November 2008   Past Issues  

Local Economic Report

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Data on the Columbia housing market shows a very different picture than that being reported nationally. Local information shows that housing prices are holding firm in the Columbia market, which includes Richland, Lexington and Kershaw Counties.  With just more than 1,000 transactions reported in the three-county area, new single family houses dropped less than 1 percent in median price in year over year comparisons, likely due to the inclusion of statistics reflecting more affordable housing in Kershaw County -- statistics that were unavailable last year.
Nationally, there is increasing chatter about a recession. Although GDP does not currently reflect this condition, a more technical definition will probably confirm the slowdown that is likely to be reflected in third quarter GDP. The good news is that domestic recessions generally last about 8 months, international recessions about 16. If the start is dated back to the fourth quarter of 2007, a likely situation, then by any account we have already experience the worst.


Permit activity is still down, but looking at the Employment to Permit Ratio for the Columbia market shows a condition where employment actually supports the inventory being created. That's actually very good, because as closings increase, and replacement activity slows, what has become a buyers' market will begin to fade away. 

Prices of homes, and their downward trend, have been identified as one of the primary causes of the current economic adjustment. The Office of Federal Housing Enterprise Oversight, which routinely surveys housing prices, reports in the second quarter (the latest data available) that Columbia ranks number 33 out of almost 300 markets surveyed. South Carolina ranks at No. 9 nationally as far as home price appreciation.


The reality is that we are still in a "good" market, and while prices are the subject of concern in the national discussion, we are still providing our customers a valuable and worthwhile road to financial security. National figures over the last five years show that even in the 20 national markets suffering the worst of the price decreases, homes have appreciated up to 61 percent in the last five years.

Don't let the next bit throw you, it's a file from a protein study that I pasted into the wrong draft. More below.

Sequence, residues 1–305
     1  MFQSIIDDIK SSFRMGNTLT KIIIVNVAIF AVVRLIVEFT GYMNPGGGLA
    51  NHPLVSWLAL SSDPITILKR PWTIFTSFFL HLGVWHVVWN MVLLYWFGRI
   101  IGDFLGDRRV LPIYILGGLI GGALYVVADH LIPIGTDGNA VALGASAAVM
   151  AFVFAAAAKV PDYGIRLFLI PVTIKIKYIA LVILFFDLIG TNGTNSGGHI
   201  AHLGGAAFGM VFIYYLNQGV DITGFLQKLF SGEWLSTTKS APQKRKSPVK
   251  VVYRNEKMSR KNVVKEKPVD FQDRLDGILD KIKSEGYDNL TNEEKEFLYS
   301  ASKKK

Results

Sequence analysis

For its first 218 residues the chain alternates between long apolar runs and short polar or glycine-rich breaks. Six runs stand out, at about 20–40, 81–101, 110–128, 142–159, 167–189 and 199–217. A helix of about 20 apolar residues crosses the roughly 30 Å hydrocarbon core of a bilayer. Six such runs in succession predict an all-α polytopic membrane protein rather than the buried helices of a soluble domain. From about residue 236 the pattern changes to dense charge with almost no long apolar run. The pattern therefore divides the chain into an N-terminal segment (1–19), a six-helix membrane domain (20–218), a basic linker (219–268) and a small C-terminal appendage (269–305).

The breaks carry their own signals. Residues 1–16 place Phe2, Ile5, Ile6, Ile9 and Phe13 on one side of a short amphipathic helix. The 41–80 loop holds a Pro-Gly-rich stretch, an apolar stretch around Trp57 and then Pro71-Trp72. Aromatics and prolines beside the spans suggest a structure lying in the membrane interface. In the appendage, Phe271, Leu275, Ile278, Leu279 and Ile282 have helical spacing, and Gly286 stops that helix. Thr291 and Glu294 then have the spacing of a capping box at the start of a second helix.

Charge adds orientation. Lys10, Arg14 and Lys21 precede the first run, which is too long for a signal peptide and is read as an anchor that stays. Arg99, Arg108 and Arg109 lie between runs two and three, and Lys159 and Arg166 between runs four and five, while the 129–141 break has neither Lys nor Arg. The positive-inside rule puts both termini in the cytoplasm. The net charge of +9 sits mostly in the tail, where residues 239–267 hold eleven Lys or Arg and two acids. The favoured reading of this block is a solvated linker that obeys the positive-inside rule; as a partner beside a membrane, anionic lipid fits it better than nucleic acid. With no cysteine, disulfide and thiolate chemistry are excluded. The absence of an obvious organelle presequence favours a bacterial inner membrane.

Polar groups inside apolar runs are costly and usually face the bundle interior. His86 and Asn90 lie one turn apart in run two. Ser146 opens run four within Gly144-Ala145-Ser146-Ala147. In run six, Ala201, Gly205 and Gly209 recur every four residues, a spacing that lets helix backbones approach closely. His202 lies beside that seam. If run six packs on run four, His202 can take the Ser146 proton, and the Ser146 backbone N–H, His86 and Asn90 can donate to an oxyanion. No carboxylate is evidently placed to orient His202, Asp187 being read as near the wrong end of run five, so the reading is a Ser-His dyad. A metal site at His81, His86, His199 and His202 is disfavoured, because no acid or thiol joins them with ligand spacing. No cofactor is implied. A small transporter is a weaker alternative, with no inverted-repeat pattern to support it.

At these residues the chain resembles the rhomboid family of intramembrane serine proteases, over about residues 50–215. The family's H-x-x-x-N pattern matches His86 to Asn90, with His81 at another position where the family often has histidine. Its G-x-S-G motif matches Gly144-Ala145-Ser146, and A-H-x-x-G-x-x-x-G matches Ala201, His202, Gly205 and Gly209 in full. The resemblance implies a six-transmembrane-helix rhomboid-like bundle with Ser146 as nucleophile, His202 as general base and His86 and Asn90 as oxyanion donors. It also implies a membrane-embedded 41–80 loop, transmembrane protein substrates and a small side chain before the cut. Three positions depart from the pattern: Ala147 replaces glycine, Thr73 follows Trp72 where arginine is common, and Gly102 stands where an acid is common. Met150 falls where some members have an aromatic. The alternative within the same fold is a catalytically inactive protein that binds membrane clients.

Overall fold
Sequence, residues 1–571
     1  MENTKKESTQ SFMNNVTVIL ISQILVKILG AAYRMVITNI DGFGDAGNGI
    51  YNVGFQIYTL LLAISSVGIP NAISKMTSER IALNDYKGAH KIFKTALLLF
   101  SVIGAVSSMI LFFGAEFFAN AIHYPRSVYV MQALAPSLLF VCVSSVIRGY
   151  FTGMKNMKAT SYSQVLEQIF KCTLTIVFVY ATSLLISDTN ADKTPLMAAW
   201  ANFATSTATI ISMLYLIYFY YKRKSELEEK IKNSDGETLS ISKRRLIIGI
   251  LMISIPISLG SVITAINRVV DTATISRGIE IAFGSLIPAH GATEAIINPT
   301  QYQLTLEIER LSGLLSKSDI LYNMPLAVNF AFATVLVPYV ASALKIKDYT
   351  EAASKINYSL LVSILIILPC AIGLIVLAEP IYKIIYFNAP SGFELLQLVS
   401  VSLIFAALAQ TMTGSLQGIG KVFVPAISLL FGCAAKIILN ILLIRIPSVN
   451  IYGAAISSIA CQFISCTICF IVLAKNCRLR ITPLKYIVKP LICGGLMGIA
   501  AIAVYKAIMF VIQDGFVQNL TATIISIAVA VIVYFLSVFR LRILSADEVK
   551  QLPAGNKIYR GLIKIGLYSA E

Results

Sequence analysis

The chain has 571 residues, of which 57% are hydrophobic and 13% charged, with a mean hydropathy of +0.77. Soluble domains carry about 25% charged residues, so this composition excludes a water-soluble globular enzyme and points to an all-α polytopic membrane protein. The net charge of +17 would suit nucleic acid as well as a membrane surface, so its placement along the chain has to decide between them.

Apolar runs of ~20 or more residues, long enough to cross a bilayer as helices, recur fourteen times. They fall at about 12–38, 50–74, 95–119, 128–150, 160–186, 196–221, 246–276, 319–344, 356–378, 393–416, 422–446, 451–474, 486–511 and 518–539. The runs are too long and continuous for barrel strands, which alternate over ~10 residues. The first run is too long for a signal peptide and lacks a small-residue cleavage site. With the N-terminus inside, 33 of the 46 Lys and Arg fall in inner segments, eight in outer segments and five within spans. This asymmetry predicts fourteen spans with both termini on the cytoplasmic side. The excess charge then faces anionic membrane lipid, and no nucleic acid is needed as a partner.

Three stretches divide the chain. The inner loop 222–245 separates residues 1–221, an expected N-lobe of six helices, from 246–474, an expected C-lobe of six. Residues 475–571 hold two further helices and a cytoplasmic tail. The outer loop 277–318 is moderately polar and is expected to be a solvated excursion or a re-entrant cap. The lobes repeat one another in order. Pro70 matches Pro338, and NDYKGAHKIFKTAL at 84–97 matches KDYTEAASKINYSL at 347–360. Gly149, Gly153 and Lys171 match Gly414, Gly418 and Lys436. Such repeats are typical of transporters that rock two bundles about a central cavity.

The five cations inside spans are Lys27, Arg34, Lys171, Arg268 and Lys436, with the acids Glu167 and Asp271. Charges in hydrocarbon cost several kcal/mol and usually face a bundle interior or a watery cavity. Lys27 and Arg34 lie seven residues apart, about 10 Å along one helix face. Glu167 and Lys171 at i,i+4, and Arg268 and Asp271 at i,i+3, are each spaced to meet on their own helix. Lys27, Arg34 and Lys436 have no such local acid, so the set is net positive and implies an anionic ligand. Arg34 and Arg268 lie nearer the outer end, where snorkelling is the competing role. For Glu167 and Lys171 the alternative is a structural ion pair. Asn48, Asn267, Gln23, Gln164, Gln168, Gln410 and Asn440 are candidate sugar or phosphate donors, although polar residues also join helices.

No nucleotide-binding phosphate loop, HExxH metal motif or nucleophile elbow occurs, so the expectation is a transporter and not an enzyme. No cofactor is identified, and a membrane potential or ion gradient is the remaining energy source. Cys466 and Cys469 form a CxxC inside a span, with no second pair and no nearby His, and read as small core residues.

Population increases in South Carolina, and the hoped-for recovery next year, should increase the economic viability of our community. There are already positive signs, however small, portending a better environment for use by the second quarter of next year.




Buying a new home is still a wonderful path to the American dream of financial security.



South Carolina, and specifically Columbia, are positioned well. We don't experience the severe run-ups, nor do we suffer the dramatic slowdowns.


I would expect that our city and state would lead as we return to a more normal economic situation. 

I invite your attention to our radio program, "Your New Home Columbia," which is designed to communicate a positive take on the Columbia housing market. In addition to builders, developers and others in the housing market profiling their organizations, the program and the associated Web site,, are featuring positive information about the advantages of owning a new home.
- Submitted by Hal Von Nessen, RESH Marketing